Contrary to popular belief the cardio vascular systems isn’t inactive at short distances. With continuous, fast and flowing motions your heart and lungs have to work overtime to circulate blood to your working muscles. The cardiovascular system wasn’t designed to work in isolation. With sprinting there is a constant eb and flow between your anaerobic and aerobic systems. The muscles and connective tissue create, absorb and redistribute power while the aerobic system fuels the body with oxygen and blood. When challenged with short distances and high speeds the cardiovascular system is forced to pick up its game to fuel these intense bouts of exercise. Your energy systems respond very well to intensity not just volume.

Have you ever peered down at the calorie counter on the treadmill and have your heart sink? All that work and you haven’t burned close to the amount of calories you wanted to. With sprinting the calorie burning doesn’t stop when you stop. With the increased demand of high intensity training your metabolism is working even when the workout is over. If you don’t believe me run a quarter mile as fast as you can then rest. If you can run with any inkling of speed I guarantee you will be huffing and puffing even after your stop running. The more intense your sprinting workouts are the longer your metabolic rate stays elevated afterwards.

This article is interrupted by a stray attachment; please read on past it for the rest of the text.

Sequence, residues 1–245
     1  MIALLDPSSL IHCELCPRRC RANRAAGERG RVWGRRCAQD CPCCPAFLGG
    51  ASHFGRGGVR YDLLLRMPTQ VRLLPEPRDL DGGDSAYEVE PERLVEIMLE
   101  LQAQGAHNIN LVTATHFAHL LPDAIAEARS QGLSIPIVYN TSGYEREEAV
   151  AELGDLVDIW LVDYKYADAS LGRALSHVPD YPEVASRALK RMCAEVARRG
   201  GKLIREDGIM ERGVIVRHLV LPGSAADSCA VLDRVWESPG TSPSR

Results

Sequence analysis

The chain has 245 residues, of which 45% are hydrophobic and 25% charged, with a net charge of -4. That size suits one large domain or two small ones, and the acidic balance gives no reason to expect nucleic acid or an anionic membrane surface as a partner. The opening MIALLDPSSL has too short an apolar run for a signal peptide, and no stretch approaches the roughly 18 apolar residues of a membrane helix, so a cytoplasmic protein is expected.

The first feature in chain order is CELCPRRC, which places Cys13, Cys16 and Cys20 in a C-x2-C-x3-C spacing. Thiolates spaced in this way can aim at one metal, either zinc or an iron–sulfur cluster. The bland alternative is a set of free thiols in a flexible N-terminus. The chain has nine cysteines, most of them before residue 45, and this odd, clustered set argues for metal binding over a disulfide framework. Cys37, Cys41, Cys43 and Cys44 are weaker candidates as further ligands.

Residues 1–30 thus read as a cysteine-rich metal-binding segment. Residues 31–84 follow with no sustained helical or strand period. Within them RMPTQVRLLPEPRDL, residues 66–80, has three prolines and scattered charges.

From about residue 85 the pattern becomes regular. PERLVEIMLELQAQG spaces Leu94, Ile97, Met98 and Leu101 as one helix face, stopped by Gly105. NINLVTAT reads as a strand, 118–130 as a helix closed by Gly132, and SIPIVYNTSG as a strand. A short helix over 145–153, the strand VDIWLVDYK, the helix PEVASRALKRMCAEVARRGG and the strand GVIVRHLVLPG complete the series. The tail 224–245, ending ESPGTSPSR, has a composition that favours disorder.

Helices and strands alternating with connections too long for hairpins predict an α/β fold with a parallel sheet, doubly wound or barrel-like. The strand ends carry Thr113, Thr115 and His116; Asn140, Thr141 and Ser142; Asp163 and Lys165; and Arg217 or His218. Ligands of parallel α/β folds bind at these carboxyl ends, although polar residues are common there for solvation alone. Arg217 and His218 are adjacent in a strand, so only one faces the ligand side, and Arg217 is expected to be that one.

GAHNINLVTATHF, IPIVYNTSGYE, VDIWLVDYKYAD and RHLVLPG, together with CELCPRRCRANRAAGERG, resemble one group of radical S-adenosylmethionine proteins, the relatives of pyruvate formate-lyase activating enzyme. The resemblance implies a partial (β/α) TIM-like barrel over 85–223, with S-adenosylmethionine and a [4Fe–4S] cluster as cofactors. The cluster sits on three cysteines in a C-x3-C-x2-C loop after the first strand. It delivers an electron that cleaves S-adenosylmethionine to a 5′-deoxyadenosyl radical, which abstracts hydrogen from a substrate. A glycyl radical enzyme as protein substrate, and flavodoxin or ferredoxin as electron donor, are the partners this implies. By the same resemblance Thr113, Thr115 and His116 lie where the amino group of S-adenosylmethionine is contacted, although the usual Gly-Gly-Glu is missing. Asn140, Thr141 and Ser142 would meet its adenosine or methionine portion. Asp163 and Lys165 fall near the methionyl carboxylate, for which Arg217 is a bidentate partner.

The connective tissue (tendons and ligaments) gain strength when exposed to rapid and flowing ranges of motion. The fluid and buoyant movement of a competent sprinter gets the nervous system fired up which sends a signal to your connective tissue to expand and contract quickly. This creates power and momentum that travels through the muscles propelling you through space. These elastic movements strengthen the ligaments and tendons which enables them to fire faster and more efficiently. Slow and plodding movements can actually wear away and damage them over time. If you want to keep those joints healthy pick up the pace.

Often sprinting is looked at as a young persons activity. This is hardly the case. In my mind the older you are the more you should be working on your sprinting. Some of the many attributes that decline with age are flexibility, strength and power. With decent sprinting technique you can develop and improve on all those attributes. Plodding your way through a slow, moderately paced workout for an hour will not slow down this process. If you train slow you will move slow outside of the gym as well. Training with fast and flowing motions will combat the aging process by training your body to move with long and fluid movements.